First you cry.
The world said goodbye to TV correspondent and right-to-die advocate Betty Rollin, 87, on Nov. 7. Betty ended her life as she lived it — on her own terms via voluntary assisted suicide in Basel, Switzerland.
Betty first came to the Freedom From Religion Foundation’s notice as the feisty PBS “Religion & Ethics NewsWeekly” correspondent who covered one of the “Glorious Fourth” gatherings put on by our plucky Alabama chapter back in the day. The extended family headed by Patricia and Roger Cleveland had generously deeded some of its land to FFRF, where we built what was called an “advance, not retreat!” at Lake Hypatia, Ala., near Talladega.
FFRF first raised funds to help build a meeting room with kitchen and showers. Then, in 1999, to accommodate the crowds, FFRF, with its donors and sweat equity from the chapter, eventually built a true auditorium in this woodsy, rural buckle of the bible belt, adjoining Talladega National Forest and Lake Joan (“Lake Hypatia”). In its heyday, it was an amazing undertaking, attracting many volunteers, activists and freethinkers not just from the South but around the nation.
Betty, a gracious professional, flew down with a crew to do a story about Lake Hypatia, also interviewing Dan Barker, who was speaking at the July Fourth event that year. It was hot and humid, and Dan returned home to report that she had dubbed Alabama “a bad hair state,” a droll observation that has stuck in our family lexicon.
Betty trailblazed a distinguished career as a young female news correspondent on national NBC-TV. She made international headlines when she wrote a book, First You Cry, about having a mastectomy at age 39 in 1976, at a time when breast cancer still wasn’t spoken about much, Betty Ford’s earlier revelation notwithstanding. First You Cry was turned into a CBS movie in 1978, starring Mary Tyler Moore as Betty Rollin. It was a big deal back when cable TV was just beginning and there were still mostly only four main TV networks available.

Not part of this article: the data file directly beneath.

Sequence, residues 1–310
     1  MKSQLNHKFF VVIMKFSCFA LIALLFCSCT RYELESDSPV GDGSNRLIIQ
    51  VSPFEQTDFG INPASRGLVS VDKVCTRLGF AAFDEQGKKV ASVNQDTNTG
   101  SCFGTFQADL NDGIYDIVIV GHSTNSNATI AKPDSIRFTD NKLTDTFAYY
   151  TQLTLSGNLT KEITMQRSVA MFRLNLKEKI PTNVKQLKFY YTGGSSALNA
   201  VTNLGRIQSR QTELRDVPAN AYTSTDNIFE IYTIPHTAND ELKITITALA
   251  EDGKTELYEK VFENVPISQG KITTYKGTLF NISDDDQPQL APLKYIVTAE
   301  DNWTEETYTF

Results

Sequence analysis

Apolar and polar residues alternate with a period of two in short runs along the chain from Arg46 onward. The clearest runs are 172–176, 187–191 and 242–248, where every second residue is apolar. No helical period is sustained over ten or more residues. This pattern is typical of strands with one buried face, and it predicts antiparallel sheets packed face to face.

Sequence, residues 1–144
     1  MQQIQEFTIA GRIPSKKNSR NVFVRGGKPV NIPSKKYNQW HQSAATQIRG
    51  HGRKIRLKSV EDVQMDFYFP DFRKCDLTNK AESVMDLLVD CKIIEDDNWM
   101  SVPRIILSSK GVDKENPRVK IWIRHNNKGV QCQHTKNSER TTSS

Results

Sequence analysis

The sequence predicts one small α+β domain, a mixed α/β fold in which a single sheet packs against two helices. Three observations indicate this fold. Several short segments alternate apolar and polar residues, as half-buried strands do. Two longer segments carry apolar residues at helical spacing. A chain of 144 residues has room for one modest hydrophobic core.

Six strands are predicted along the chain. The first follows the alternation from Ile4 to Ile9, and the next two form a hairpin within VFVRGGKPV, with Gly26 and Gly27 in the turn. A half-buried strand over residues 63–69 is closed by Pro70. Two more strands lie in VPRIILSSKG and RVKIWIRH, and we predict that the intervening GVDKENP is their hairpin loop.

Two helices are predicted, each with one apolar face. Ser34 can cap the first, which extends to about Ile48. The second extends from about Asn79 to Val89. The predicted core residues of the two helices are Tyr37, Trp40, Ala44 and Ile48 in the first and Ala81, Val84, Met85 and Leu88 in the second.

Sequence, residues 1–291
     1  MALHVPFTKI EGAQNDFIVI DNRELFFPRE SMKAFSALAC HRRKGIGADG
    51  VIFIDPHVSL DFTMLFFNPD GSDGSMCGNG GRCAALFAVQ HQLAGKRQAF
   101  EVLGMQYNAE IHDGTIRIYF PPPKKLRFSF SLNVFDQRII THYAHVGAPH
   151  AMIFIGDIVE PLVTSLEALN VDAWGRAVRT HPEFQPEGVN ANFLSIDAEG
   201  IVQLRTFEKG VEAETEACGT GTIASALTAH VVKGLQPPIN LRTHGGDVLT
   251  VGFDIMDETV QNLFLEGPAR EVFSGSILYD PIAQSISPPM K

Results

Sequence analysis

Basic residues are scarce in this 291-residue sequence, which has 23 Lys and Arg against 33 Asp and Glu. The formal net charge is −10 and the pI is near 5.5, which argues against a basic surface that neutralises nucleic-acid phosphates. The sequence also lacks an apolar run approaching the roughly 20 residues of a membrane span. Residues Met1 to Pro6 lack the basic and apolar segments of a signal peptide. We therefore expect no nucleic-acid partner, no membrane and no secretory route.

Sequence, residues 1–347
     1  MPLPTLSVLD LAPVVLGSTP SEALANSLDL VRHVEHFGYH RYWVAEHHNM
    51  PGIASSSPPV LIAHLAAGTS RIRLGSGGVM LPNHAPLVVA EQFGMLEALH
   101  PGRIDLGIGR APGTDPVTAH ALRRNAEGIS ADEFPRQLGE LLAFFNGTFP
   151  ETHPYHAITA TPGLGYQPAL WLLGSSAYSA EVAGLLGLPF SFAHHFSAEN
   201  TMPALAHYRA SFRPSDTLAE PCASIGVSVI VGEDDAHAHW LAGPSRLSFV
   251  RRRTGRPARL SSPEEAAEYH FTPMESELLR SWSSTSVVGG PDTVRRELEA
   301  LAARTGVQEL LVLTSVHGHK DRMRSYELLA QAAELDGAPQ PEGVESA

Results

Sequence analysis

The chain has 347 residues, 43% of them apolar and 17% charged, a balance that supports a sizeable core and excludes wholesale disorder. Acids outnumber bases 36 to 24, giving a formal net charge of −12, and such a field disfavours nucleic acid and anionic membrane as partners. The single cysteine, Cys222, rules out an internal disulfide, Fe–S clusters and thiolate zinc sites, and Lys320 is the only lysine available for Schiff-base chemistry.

In her memoir, Betty confided, “”I stopped believing in God at about the same time I stopped believing in Pinocchio, when I was about 8. It upset my mother because her father was an Orthodox rabbi. My mother blamed herself for not emphasizing religion enough and for not keeping a kosher house. (She couldn’t do that, she said, because the housekeeper was a German Catholic and didn’t know how. Even at the time, that struck me as a limp excuse.)”
She was a graduate of Fieldston Ethical Culture School in Riverdale, N.Y., an appropriate spot to matriculate as a freethinker, then Sarah Lawrence College in Bronxville.
Betty worked for ABC News’ “Nightline” and wrote another bestseller, Last Wish, in 1985. It’s a moving memoir about the lengths she and her mother’s close friends had to go to honor her mother’s “last wish” — to control her own death before the suffering from ovarian cancer became unendurable. This, too, was turned into a TV movie by ABC in 1992, this time starring Patty Duke as Betty and Maureen Stapleton as her mother.